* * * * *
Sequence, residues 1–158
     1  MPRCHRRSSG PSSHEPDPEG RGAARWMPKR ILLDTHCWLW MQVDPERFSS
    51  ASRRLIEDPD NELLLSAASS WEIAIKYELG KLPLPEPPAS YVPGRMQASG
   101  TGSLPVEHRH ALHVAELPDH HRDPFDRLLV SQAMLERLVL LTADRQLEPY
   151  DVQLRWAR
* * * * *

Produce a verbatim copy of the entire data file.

Sequence, residues 1–158
     1  MPRCHRRSSG PSSHEPDPEG RGAARWMPKR ILLDTHCWLW MQVDPERFSS
    51  ASRRLIEDPD NELLLSAASS WEIAIKYELG KLPLPEPPAS YVPGRMQASG
   101  TGSLPVEHRH ALHVAELPDH HRDPFDRLLV SQAMLERLVL LTADRQLEPY
   151  DVQLRWAR